Pregnant women are advised to do – and not do – many things over the course of nine months. Whether from a physician, friend, or perfect stranger, there is no shortage of opinions on eating fish, taking supplements, drinking caffeine, exercising, safe cheeses, sleeping positions, where to deliver, how to deliver, placenta preservation and much, much more.
There is, however, a shortage of information for pregnant women in one critical area: Avoiding environmental toxins.
A recent survey of more than 2,500 obstetricians across the country conducted by researchers at the University of California, San Francisco School of Medicine found that doctors face barriers when trying to counsel pregnant women about environmental hazards. Among other obstacles, doctors reported a lack of medical education and training in this area, along with a fear that cautioning pregnant women about certain toxic exposures might cause anxiety in patients.
What’s more, the survey’s lead researcher told Reuters Health that even warning patients of such risks is basically pointless because it could “unleash a barrage of new questions” that doctors won’t be able to confidently answer.
The results of this survey further the frustrations many of us in the environmental health sector experience on a daily basis. Without meaningful studies on the negative health effects of the chemicals in our air, water, food, personal care products and more, the medical community is reluctant to warn patients to change certain lifestyle behaviors for fear of the havoc it may wreak.
But the role of the environment in determining the health not only of a fetus, but of all of us, can’t be overstated. And we do have proof of certain negative consequences of toxic exposures, which is why pregnant women are advised not to eat certain species of fish that are high in mercury and other chemicals. It’s why a recent study showing a link between pesticide exposure in pregnancy and increased risk of autism shouldn’t be ignored. It’s why all of us, pregnant or not, would be wise to avoid toxic chemicals wherever possible, whenever possible.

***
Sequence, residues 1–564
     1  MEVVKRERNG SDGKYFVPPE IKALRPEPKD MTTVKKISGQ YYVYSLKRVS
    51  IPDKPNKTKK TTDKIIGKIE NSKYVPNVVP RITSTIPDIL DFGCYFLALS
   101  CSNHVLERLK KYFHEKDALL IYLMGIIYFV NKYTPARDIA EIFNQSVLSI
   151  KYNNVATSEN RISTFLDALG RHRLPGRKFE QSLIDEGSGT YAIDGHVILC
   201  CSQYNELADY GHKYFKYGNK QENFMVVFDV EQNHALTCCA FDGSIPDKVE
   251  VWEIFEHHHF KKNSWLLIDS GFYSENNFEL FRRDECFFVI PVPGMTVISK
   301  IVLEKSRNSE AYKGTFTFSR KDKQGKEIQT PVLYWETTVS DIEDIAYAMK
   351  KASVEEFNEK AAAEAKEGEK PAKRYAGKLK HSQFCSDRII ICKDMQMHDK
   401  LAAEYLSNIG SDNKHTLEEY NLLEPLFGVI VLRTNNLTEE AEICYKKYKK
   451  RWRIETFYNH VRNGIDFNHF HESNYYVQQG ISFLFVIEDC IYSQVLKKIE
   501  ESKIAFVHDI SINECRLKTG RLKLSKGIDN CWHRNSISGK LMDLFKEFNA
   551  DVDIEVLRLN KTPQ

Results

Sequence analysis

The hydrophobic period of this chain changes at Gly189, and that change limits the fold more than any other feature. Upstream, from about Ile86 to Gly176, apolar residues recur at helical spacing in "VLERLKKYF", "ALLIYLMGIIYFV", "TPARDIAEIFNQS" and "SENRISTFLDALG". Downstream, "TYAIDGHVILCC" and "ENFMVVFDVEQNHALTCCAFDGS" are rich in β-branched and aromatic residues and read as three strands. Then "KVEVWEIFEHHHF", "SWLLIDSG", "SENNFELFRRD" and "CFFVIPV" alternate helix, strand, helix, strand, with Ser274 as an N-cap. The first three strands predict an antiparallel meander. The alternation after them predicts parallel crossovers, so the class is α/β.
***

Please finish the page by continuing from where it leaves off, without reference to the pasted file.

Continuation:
A supposed lack of reliable research is only part of the problem. The real shame is that chemicals are ubiquitous in our environment. Even if a pregnant woman eats organic produce, washes her hair with a natural shampoo, cleans with white vinegar instead of chemical solutions, and drinks fresh filtered water, she still comes into contact with hazardous toxins on a daily basis. Her air is polluted, her couch might be stuffed with chemical-based fire retardants, and the hand soap in her office bathroom could be full of triclosan. None of us can live inside a bubble, and pregnant women are no exception.
In the survey, doctors claimed a lack of evidence-based research prevented them from warning pregnant women about chemical exposures. But why not err on the side of caution, on the side of health, on the side of logic? We lose so little by avoiding such chemicals, whereas so much stands to be gained.
For more pregnancy environmental health info visit: http://prhe.ucsf.edu/prhe/
Note: Information provided herein is not intended to treat or diagnose any health condition. As always, consult your healthcare provider with any questions or health concerns.
Deirdre Imus, Founder of the site devoted to environmental health, www.ImusEnvironmentalHealth.org, is President and Founder of The Deirdre Imus Environmental Health Center® at Hackensack University Medical Center and Co-Founder/Co-Director of the Imus Cattle Ranch for Kids with Cancer. She is a New York Times best-selling author and a frequent contributor to FoxNewsHealth.com, and Fox Business Channel. Check out her website at www.ImusEnvironmentalHealth.org and ‘Like’ her Facebook page here.